Property investor John Hindle's Brookhouse Group has been refused permission to appeal a High Court decision to turn down its legal attempt to stop a rival development in Preston.
Lord Justice Roberts rejected Brookhouse's claim that Preston Council had unlawfully granted consent to rival developer Countryside Properties for 605 flats on the town's Queen Street retail park site.
The dispute stretches back to December 1999, when Countryside, in a joint venture with the largest landowner on the site, was granted outline consent for a 72,500 sq ft superstore.
In October 2000, Countryside requested an amendment of the application, which would allow for "other town centre uses and residential units".
The developer later made, and was granted, an application for "approval of reserved matters" that included the construction of 605 flats as well as the superstore on the site.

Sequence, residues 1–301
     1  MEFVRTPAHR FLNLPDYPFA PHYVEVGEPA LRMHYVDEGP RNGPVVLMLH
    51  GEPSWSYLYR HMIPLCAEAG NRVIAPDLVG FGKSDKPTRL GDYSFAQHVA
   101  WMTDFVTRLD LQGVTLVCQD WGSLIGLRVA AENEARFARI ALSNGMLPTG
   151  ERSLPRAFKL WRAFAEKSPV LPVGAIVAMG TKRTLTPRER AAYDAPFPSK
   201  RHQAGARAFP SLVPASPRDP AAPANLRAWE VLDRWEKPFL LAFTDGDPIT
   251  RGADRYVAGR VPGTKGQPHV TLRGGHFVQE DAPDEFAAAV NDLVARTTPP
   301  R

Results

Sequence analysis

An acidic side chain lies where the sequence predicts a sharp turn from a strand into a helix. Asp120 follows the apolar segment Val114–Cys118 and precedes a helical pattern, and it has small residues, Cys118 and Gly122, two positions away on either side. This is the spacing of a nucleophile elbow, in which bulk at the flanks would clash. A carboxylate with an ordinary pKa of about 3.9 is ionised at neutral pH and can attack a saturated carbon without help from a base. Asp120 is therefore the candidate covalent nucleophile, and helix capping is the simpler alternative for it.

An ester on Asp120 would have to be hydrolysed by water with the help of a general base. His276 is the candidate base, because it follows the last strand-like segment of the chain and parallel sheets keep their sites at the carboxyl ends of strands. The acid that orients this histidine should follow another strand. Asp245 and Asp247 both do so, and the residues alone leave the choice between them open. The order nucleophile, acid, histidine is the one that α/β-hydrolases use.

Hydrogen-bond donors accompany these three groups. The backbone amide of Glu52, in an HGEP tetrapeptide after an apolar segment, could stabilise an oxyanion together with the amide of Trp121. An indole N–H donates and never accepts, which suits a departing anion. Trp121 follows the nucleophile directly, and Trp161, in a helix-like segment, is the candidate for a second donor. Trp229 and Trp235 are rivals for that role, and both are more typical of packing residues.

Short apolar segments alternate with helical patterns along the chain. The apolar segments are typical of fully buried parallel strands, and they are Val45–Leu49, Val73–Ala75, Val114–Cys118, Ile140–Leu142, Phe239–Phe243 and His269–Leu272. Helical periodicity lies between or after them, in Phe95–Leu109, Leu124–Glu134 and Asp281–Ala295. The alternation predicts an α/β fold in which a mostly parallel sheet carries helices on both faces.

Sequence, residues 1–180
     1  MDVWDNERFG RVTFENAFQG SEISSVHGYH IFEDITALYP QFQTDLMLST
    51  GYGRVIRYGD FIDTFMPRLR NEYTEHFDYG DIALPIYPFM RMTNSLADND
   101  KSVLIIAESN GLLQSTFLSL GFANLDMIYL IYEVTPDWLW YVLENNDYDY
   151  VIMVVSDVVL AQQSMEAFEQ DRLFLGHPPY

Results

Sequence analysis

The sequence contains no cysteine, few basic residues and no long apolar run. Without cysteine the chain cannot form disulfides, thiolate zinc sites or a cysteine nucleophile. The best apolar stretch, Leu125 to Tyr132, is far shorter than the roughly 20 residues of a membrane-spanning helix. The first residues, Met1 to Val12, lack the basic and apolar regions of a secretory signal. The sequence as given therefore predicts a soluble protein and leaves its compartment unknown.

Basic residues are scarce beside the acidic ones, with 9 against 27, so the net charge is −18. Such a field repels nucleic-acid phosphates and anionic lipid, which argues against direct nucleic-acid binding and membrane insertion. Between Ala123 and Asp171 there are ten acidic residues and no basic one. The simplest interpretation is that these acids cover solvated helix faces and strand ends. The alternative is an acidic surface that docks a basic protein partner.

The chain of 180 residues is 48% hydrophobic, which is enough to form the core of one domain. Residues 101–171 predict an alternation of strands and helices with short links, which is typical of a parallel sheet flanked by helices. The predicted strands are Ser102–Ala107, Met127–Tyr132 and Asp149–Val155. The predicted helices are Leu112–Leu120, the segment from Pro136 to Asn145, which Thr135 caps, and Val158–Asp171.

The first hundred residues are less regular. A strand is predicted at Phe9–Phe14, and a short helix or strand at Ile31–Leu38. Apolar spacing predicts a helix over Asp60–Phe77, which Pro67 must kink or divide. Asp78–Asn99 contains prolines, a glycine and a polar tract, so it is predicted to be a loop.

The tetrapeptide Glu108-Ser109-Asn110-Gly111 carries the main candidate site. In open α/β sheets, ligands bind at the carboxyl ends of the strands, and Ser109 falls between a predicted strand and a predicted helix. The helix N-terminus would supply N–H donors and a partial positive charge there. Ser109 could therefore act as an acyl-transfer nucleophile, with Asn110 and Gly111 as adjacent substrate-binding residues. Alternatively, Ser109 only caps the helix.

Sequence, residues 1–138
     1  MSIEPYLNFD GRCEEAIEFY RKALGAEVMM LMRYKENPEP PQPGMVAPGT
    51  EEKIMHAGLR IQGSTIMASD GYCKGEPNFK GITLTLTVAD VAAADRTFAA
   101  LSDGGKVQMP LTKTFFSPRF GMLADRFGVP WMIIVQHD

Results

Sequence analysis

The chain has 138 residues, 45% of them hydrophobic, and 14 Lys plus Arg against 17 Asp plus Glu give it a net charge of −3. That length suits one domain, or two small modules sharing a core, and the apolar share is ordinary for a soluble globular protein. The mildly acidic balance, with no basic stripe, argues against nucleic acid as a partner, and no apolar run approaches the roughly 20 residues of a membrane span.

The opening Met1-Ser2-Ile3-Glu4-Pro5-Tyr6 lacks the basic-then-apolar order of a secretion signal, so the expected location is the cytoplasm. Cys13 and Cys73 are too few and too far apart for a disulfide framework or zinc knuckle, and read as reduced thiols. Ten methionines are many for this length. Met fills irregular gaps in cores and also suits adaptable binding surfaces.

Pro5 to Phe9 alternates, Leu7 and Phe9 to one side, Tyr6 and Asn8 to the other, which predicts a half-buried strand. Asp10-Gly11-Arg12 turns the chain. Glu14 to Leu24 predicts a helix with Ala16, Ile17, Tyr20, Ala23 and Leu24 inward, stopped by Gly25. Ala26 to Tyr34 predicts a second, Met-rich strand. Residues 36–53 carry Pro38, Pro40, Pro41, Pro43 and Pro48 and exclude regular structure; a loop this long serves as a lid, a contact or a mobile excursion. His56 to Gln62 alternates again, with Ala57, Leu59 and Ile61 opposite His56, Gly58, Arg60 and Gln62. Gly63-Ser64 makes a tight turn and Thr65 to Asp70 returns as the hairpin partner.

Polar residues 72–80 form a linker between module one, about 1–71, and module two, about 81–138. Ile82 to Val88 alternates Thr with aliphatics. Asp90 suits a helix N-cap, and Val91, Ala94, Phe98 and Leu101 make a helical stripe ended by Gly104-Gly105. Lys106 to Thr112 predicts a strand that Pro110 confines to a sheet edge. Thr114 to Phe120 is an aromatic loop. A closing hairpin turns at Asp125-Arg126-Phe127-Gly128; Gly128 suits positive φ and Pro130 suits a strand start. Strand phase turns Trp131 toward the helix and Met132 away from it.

Brookhouse, which is seeking planning permission for its own £100m, 24-storey mixed use tower on the same site with 20,000 sq ft of offices, 65 flats, a hotel and a food store, challenged the approval in the high court in October 2007.
It claimed that, because the outline planning consent that had already been granted had been for a mainly commercial scheme, the approval of Countryside's new scheme had been an impermissible and unlawful extension of that.
The original appeal court judge dismissed Brookhouse's challenge, stating that he was "entirely satisfied that there is no arguable case that the reserved matters approval exceeds the outline planning permission."
Richards refused Brookhouse permission to appeal that finding, on the grounds that there had been no "error of law" in the judge's decision and the appeal against it was "misconceived".